For processing the front side, two masks are used for the nested 40 μm and 430 μm DRIE etch steps forming the 40 mm long microchannel of width 400 μm and depth 470 μm (hydraulic diameter, dh=433 μm) and several shallow side inlet channels (depth 40 μm). Nested masks use two masking materials, silicon oxide and thick resist, to photolithographically pattern the substrate features that will ultimately have two different etch depths. The wafer is mounted to a quartz handle wafer. After a 430 μm deep DRIE etch, the thick resist pattern was stripped in a mixture of hydrogen peroxide and sulfuric acid (volumetric ratio: 1:3) so that the second (silicon oxide) pattern remains for a 40 μm deep etch that forms the shallow side channels. After completing the fabrication at the front side, the oxide pattern was stripped in a buffered oxide etch (solution of HF and NH4F, 10:1), and a new layer of thermal oxide (0.5 μm thick) was grown to protect the features at the front side when etching the backside since this etch step forms connections through the wafer to the front side. All photomasks were fabricated by electron-beam writing (Photronics, Brookfield, Conn.).

After removing the resist, a 0.5 μm thick layer of thermal oxide layer was grown on the wafer to render the channel walls surfaces hydrophilic before anodic wafer-level bonding (450° C., 800V) to a drilled Pyrex wafer (7740, diameter 150 mm, 762 μm thick). Gas-liquid flows in the silicon device were visualized using a packaging scheme that allowed optical access to the microchannels through the front side was used. PEEK tubing (Upchurch Scientific, 1/16″ OD) and front ferrules (Swagelok, 1/16″ OD) were directly attached with epoxy to the fluidic ports on the backside of the flow chip bonded to the oxidized silicon surface. The epoxy was cured at ambient temperature for at least 24 hours, prior to use. Teflon outlet tubes were 300 mm long.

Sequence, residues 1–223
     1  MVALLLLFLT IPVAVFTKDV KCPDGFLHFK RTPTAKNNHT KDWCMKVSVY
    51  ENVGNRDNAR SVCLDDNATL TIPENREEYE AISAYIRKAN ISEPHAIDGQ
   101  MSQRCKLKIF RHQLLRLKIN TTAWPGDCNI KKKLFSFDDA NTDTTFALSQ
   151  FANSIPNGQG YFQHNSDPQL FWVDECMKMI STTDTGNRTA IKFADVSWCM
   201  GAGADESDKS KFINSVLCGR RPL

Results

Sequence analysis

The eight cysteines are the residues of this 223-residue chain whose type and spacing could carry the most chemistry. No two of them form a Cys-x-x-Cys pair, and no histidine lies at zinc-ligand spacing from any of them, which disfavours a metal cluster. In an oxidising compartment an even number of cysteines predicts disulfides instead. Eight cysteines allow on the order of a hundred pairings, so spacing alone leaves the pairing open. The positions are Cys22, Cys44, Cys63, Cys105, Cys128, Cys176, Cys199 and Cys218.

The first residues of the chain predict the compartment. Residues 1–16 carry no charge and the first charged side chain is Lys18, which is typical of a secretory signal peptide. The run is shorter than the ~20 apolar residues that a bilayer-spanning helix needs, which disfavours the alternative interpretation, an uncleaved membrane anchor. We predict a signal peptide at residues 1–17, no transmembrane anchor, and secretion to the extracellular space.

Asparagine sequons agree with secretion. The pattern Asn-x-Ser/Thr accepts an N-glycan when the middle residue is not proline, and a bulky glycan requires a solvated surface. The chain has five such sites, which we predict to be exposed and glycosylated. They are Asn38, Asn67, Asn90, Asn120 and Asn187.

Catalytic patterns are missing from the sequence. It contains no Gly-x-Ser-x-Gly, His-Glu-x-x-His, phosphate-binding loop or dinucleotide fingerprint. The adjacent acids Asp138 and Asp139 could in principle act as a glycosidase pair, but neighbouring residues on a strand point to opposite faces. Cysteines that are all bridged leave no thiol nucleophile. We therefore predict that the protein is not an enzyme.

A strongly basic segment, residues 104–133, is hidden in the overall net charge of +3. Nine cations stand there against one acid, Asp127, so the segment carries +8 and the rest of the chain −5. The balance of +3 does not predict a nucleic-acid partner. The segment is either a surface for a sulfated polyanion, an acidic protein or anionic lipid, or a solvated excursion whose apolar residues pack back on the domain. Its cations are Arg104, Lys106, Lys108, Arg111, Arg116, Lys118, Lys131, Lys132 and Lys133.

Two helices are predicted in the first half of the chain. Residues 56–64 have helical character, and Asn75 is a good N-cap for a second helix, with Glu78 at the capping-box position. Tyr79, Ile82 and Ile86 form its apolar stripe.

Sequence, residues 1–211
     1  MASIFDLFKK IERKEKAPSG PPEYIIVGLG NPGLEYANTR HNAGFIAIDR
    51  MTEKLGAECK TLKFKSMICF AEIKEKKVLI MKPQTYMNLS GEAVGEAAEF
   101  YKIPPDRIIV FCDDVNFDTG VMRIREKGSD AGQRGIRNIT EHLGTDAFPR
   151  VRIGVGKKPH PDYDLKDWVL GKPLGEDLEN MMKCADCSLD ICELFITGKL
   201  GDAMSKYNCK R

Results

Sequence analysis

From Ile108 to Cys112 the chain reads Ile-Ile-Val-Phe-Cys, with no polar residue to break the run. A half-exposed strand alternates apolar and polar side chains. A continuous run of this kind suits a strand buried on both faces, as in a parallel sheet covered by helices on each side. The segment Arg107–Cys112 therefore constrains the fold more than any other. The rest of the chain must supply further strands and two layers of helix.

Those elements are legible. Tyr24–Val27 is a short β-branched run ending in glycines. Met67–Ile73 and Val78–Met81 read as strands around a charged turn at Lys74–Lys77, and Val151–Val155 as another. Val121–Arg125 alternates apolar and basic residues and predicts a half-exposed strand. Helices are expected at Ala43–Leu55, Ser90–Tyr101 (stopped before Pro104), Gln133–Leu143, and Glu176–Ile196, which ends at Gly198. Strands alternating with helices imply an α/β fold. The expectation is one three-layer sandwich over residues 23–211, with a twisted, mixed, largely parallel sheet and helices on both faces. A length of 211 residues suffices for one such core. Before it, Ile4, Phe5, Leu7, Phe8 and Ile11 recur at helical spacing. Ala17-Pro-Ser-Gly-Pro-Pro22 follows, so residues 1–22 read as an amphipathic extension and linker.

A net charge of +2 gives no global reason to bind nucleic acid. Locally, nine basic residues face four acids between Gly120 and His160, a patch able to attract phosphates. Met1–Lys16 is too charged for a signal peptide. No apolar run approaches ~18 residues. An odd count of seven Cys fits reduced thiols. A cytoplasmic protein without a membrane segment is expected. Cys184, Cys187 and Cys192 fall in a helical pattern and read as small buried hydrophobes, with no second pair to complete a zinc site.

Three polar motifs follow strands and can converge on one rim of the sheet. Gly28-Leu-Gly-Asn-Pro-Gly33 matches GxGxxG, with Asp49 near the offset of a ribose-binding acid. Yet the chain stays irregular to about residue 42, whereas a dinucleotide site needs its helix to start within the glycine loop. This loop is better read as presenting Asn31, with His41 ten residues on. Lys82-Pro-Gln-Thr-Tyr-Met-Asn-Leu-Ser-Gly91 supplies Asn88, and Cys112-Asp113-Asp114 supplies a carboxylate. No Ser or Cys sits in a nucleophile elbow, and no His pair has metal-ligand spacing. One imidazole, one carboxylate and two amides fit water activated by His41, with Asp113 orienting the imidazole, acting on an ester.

B. Polymer-Based Devices

Two fluidic demonstration devices to investigate mixing in curved channels and multistage mixing and separation were fabricated in poly dimethylsiloxane (PDMS) by using standard soft-lithographic techniques (e.g., as described in U.S. Pat. Nos. 6,706,165, 6,686,184, 6,645,432, and 6,541,539). PDMS (Dow Corning Sylgard Brand 184 Silicone Elastomer, Essex-Brownell Inc.) was molded on masters fabricated on silicon wafers using SU-8 (50) (Negative photoresist, Microchem Corporation, Mass.). Typically, 150 μm thick SU-8 films were spun on 100 mm diameter silicon wafers (Silicon Quest International). Photolithography was used to define negative images of the microfluidic channels, and the wafers were developed using SU-8 Developer (Microchem Corporation). Packaging of the PDMS based devices was accomplished by molding PDMS on the SU-8 masters at 70° C. for 4-12 hours. The devices were then peeled off the mold, cut and cleaned. Inlet and outlet holes ( 1/16-in. o.d.) were punched into the material. Individual devices were sealed to precleaned microscope slides (25×75 mm, 1 mm thick, VWR Scientific Inc.). Both surfaces were activated in an oxygen plasma (Harrick Co., PDC-32G) for 45 seconds prior to sealing. PEEK tubing ( 1/16-in. o.d., 508 μm i.d., Upchurch Scientific.) was inserted in the inlet and outlet holes, and glued in place with 5-min epoxy (Devcon). The epoxy was cured at 70° C. for at least 12 hours, prior to use. Outlet tubes were 30 mm long, corresponding to a volume of 6.1 μL.

C. Capillary Phase Separator